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Friday, May 10, 2013

Eloquent omission, Damian Paletta

I approve this messaging from the WSJ reporter on federal budgeting matters:
And while the short-term deficit is shrinking, both parties know it is projected to widen dramatically in coming decades as the U.S. population ages unless changes are made to curb the growth of programs like Medicare.
Conspicuous in its absence from this long-term budget snapshot: Social Security.  Again, later in the article:
Many Democrats have called for a broad budget deal that would reduce the deficit over many years by raising taxes and curbing the growth of Medicare and other entitlement spending.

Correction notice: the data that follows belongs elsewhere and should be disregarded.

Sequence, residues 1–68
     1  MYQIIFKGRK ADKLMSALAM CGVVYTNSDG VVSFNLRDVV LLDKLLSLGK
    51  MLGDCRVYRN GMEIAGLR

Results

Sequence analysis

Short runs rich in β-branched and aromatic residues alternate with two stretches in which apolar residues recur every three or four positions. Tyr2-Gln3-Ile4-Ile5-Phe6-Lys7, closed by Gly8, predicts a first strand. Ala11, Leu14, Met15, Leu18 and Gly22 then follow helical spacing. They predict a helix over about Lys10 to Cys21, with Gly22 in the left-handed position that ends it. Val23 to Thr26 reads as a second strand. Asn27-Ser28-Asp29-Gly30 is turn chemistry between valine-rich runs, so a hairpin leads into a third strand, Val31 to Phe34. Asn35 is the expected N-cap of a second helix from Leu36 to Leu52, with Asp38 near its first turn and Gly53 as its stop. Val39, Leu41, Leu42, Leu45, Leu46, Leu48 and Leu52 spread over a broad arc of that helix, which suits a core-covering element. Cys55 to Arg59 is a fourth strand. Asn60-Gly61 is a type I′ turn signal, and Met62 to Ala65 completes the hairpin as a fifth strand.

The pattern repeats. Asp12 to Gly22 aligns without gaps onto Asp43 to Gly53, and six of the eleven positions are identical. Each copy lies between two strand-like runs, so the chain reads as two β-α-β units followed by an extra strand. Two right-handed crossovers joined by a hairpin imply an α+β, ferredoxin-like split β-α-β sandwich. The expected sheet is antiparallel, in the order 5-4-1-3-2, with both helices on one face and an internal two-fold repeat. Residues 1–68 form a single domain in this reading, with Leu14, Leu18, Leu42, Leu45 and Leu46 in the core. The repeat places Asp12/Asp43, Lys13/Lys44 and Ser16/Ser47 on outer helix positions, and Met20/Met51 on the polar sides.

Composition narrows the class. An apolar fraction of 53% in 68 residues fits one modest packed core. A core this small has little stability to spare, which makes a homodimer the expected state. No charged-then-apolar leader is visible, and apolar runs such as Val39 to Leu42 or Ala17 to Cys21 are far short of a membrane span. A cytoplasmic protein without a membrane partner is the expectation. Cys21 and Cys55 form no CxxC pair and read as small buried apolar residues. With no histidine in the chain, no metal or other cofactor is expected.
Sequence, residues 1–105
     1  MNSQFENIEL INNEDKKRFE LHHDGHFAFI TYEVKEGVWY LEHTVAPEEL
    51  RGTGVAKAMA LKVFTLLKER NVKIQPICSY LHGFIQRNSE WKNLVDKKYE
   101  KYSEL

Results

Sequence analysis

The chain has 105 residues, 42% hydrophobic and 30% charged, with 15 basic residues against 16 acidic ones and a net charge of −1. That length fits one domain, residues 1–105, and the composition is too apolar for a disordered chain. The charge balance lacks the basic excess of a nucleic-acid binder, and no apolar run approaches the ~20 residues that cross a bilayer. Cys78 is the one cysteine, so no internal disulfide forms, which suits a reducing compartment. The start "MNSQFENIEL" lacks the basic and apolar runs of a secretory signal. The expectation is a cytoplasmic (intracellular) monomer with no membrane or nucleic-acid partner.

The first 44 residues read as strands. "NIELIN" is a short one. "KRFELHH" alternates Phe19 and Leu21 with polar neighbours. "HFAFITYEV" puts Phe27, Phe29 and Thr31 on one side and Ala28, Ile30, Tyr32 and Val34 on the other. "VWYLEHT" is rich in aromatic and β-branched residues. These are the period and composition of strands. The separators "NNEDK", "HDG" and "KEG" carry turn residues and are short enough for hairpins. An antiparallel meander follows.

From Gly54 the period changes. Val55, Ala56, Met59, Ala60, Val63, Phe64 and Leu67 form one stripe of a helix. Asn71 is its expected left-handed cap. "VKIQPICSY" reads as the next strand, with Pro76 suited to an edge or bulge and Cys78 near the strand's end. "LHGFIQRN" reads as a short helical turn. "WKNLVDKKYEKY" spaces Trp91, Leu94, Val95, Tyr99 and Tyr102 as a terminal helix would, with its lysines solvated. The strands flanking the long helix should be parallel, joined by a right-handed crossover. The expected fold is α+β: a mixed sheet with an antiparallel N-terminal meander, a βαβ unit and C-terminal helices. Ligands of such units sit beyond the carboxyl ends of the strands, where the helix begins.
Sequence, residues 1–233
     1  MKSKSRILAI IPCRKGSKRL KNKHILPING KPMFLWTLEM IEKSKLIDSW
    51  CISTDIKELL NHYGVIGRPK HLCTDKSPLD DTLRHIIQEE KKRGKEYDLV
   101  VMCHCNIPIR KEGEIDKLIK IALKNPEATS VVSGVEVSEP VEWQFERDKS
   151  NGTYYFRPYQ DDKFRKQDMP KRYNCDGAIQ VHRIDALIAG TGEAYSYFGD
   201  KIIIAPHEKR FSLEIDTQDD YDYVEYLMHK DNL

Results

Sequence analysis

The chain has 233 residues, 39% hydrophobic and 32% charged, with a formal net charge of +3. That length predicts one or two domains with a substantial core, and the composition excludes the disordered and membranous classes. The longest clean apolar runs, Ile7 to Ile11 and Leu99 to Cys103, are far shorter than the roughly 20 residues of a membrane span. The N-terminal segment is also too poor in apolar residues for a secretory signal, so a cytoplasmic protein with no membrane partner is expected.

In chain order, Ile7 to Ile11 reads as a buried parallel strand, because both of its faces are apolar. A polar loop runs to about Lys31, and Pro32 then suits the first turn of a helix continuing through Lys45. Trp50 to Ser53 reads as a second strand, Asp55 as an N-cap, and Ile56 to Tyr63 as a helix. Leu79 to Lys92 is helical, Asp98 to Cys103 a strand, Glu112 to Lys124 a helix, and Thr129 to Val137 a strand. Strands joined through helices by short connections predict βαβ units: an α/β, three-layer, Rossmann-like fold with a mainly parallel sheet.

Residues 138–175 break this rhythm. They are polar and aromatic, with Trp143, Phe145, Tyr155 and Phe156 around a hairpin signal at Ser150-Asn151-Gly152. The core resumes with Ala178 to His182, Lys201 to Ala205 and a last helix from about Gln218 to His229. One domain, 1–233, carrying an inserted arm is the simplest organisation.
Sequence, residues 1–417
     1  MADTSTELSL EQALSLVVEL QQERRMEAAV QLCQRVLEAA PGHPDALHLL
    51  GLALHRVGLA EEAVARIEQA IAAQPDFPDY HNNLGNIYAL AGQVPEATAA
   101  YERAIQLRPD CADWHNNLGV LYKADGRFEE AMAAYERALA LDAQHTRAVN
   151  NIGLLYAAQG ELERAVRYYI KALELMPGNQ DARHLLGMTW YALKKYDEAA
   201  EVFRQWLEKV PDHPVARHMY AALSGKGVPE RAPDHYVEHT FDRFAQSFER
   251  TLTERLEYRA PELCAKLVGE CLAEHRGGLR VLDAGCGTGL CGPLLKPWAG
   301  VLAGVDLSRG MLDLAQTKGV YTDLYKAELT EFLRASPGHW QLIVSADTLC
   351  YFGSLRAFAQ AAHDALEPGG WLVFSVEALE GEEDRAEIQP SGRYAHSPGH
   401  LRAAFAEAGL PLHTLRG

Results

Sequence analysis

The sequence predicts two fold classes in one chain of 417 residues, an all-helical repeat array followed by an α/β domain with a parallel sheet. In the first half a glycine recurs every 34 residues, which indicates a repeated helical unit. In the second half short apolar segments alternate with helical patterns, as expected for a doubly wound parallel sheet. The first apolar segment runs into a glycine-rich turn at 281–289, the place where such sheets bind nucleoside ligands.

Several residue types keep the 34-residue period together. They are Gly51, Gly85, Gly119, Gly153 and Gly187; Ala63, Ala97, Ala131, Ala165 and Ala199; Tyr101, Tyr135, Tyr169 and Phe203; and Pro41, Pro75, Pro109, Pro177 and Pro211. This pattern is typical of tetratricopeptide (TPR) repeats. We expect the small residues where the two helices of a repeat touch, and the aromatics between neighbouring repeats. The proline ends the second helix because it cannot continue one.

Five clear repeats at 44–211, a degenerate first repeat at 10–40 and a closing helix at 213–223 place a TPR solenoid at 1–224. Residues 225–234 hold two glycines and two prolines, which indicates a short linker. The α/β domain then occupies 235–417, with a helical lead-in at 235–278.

As those opposed to deficit hysteria have long argued, Social Security, long-term projected shortfalls in the Social Security Trust Fund can be fixed with relatively modest tweaks, e.g., raising the cap on income subject to the payroll tax.  Healthcare inflation is really the long and the short of the United States' long-term budget challenges. In fact (as Panetta might have mentioned), if the slowdown in healthcare spending increases that has emerged over the last five years holds, our structural deficit may already be gone. No one is counting on that -- the incentive and fee structures in the healthcare industry are still in desperate need of reform. 

But it's heartening to see that even in a Murdoch-controlled paper, in which the news emphasis has shifted noticeably rightward in recent years (via editing if not reporting), recent improvements in the long-term budget picture may be having an effect on the language in which budgeting matters are presented.

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